Presidio flags


The history of Presidio La Bahia and Goliad can be traced through the flags of the various nations that have controlled this region of South Texas. Click on the photo to enlarge it and read about all the different nations.

nine flags

The first Declaration of Texas Independence was formally declared at the Presidio on December 20, 1835. The first Texas flag flew here, and it was the location of the darkest day in Texas history, the Goliad Massacre.

There was a list of all those slain at the Goliad Massacre, and it appears that we both have relatives that died for Texas  (Paul's last name is Weaver and Marsha's maiden name is Wadsworth.)

died at Texas massacre




Our Lady of Loreto Chapel was erected in the quadrangle of the Presidio for the sole use of the soldiers and Spanish settlers. It is the oldest building in the compound, in continuous use since the 1700's.  As a matter of fact, as we we leaving people were arriving for a wedding.

Our Lady of Loreto Chapel

Our Lady of Loreto Chapel

Our Lady of Loreto Chapel

Our Lady of Loreto Chapel

One of the oldest churches in America, it also is one of the only buildings in existence that has its original “groin vaulted ceilings” in place. This centuries-old chapel was where Fannin's men were held during their captivity before being massacred. It was also here that the First Declaration of Texas Independence was signed.

Our Lady of Loreto Chapel ceiling

There is so much history in this area. We will tell you more in our next post.

Thanks for stopping by. Hope to see y'all back real soon. Have a great day!

Saturday, October 26, 2013


Friday, October 25 – .We pulled out of Leisure Valley Ranch this morning heading North. We are on our way to Houston to sit for awhile. We'll be there through the Christmas Holidays.

We stopped about half way to Houston in Goliad, TX. An historic town filled with many Texas sites that we will be visiting and reporting on in future posts.

We are staying at Goliad State Park.

goliad state park sign

The park is located within three ecological zones and located on the San Antonio River. It serves as the hub for visiting the Mission, Espiritu Santo (located in the park), the Presidio La Bahia, the Ignacio Zaragoza Birthplace, Fannin Battleground, the Goliad Historic District and Mission Rosario.

We are in site #26, a water and electric site. Each site on the outside of our loop has a covered picnic table, fire ring and grill. It is pretty much a large gravel parking lot with sites around the outer perimeter and another group of sites in the very center. It's pretty quiet with only a half dozen campers in our area. The cost is $20 per night but unfortunately, we have to also pay admission to the park for each day. That's crazy, in our opinion. Paul has a Texas Senior Pass providing half price on admission, but Marsha has to pay the full $3 admission per day. Maybe we should hide her in the trunk and sneak her in.....LOL.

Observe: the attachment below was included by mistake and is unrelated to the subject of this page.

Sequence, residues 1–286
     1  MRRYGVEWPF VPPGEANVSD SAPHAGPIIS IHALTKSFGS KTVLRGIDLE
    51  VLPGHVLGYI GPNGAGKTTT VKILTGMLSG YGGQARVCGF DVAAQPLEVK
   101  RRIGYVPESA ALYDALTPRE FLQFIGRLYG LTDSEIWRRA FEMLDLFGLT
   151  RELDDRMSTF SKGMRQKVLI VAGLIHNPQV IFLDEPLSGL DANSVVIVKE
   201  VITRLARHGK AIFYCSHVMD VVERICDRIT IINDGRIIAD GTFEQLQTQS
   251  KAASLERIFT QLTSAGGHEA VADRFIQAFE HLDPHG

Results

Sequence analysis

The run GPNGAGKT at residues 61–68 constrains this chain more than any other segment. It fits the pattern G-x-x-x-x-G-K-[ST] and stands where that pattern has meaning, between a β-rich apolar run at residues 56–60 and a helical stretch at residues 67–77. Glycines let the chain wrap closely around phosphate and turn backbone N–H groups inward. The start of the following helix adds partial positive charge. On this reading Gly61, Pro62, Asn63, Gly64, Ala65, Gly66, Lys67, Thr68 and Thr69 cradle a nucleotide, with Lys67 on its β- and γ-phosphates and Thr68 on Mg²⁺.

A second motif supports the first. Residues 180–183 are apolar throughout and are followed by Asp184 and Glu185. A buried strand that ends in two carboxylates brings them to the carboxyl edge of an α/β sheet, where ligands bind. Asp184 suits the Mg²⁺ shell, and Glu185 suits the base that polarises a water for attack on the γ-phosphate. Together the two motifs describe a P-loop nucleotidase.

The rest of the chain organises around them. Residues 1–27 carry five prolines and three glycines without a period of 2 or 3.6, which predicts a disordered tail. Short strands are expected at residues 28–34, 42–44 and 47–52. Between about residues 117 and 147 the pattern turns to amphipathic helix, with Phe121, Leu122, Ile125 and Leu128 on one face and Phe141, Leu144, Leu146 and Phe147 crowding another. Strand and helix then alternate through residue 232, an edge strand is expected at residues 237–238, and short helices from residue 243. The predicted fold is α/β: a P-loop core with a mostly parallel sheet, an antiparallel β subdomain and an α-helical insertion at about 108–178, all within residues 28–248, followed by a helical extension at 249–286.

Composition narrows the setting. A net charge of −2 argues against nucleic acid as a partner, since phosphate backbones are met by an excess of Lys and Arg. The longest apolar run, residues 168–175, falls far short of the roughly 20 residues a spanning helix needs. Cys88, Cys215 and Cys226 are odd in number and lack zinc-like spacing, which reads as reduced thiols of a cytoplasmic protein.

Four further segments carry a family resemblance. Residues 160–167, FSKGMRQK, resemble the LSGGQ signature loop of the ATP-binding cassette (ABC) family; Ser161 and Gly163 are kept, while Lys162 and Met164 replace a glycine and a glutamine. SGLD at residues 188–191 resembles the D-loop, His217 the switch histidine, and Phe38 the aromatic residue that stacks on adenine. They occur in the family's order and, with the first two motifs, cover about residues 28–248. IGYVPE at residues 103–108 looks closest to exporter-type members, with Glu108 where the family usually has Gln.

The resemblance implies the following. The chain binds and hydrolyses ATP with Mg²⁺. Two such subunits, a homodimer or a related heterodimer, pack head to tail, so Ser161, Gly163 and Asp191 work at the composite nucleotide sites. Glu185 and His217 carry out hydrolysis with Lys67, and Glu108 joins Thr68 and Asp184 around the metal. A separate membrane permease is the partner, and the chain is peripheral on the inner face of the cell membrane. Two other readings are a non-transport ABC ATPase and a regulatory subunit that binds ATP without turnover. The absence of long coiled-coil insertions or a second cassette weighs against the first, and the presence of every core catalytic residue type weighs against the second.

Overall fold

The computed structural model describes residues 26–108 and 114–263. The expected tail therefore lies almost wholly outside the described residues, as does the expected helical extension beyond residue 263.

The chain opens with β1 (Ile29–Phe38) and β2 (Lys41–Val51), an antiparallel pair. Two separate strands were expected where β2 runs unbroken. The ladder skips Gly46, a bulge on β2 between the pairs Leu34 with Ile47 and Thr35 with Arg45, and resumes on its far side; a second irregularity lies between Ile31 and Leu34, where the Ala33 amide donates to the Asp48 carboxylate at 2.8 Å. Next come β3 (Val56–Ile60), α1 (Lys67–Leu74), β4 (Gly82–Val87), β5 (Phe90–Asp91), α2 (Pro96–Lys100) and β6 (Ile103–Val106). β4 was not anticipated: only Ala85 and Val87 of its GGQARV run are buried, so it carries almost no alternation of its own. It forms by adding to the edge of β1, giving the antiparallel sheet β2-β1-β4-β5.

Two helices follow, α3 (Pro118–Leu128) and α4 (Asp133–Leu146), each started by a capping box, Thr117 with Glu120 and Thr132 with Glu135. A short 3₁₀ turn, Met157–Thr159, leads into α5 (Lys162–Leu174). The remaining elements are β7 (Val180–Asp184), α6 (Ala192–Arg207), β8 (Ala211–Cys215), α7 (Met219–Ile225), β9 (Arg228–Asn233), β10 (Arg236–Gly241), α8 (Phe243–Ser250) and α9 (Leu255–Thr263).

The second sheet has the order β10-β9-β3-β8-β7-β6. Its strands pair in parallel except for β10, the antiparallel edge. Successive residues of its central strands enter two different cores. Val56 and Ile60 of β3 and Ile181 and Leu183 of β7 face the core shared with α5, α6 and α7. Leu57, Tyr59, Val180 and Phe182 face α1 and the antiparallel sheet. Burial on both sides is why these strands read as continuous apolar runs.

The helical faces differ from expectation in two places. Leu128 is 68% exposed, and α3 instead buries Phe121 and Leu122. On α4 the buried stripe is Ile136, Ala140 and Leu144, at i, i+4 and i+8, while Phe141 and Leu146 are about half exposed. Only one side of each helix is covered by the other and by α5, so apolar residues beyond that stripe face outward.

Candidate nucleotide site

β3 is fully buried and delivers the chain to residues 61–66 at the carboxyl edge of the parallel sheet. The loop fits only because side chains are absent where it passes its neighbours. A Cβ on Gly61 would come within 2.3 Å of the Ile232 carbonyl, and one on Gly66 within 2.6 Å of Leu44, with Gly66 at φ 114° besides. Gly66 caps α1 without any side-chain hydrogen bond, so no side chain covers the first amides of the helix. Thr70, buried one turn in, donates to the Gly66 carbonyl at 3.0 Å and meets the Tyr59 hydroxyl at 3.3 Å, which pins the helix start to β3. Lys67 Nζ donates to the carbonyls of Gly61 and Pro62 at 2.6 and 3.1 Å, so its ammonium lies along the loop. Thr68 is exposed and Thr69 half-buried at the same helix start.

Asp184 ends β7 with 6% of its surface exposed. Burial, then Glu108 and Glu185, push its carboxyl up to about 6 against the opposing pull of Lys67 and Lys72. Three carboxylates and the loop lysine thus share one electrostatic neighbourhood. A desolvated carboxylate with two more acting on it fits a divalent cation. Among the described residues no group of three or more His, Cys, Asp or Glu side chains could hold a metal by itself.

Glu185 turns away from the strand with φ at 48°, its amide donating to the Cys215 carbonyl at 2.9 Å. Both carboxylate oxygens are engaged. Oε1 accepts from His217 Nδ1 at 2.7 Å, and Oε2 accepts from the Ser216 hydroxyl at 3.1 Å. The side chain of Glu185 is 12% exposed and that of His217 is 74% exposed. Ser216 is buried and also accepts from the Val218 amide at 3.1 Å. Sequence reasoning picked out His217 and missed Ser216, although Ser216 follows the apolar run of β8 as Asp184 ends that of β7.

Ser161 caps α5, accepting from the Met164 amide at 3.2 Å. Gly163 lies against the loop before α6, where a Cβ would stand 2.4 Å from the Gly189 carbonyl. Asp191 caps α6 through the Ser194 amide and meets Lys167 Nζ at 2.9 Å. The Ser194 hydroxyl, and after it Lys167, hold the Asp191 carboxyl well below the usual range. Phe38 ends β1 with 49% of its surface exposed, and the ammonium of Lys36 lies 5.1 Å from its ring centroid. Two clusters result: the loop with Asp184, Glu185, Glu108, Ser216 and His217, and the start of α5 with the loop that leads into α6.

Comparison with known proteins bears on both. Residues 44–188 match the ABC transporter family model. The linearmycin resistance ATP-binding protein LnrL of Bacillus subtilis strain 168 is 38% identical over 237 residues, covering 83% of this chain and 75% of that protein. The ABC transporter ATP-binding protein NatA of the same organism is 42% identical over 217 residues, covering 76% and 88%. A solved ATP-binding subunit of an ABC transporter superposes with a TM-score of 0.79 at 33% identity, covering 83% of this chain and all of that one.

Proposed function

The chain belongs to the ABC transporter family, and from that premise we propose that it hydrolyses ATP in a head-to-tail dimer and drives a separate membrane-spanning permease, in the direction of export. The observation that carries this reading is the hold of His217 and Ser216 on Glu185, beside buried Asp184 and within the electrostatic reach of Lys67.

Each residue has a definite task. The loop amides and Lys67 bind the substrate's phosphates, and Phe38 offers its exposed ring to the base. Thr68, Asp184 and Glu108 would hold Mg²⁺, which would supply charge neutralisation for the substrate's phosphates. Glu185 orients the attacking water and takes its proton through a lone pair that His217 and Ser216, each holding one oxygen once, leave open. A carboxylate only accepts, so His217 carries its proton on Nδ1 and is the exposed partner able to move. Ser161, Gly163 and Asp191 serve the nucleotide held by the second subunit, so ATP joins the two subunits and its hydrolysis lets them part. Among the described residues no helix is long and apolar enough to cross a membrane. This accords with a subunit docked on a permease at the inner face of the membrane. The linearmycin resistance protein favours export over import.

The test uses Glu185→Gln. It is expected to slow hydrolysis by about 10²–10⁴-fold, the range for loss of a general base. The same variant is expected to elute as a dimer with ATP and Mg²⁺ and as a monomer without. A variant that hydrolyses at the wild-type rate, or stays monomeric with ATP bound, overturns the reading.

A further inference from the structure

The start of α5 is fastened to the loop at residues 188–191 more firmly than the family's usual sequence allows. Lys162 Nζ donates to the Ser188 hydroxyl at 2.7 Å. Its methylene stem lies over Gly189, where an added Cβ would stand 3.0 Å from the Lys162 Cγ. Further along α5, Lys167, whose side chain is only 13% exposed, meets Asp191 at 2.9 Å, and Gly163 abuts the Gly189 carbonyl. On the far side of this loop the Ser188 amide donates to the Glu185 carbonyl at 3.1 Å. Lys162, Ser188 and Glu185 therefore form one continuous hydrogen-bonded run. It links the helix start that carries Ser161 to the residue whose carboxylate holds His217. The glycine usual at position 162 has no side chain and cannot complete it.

Site 26

Site 26

Please notice the big, empty field next to our site.Site 26

There is another camping area in the park with pull-through sites. Those sites are $25 per night.

We were joined after dark by about 30 scouts camping in the area next to us. There goes our solitude. No problems....they were well behaved and even quieted down by bed-time.

We have company….9 tents.

The park has camping, picnicking, historic sights, swimming, canoeing, fishing, hiking trails and a park store. There is also a walking/biking paved trail into the nearby town of Goliad.

After getting set up, we drove into historic Goliad to see the town and stop at the Chamber of Commerce/Visitor's Center. Goliad is a phonetic anagram of Hidalgo, the priest who became a hero during the Mexican Revolution. (The "H" is not pronounced in Spanish.) Goliad is one of the oldest municipalities in Texas.

Historic Goliad is made up of the Court House surrounded by a block of historic buildings. An excellent walking tour is available describing many of the historic buildings.


The yellow building below is the Von Dohen Building built in 1896. It housed and continues to house the Goliad Pharmacy.




You can't have a historic town in Texas without a “hanging tree.” Located on the North lawn of the courthouse, the tree was often used in the “good ole' days” of Texas to enforce law and order in a pretty wild area.

hanging tree

hanging tree

Why is Goliad called the "Birthplace of Texas Ranching?" The first great cattle ranch in Texas is said to have its beginnings at Mission Espiritu Santo which is located in Goliad State Park.

goliad sign

Thanks for stopping by. Hope to see y'all back real soon. Have a great day.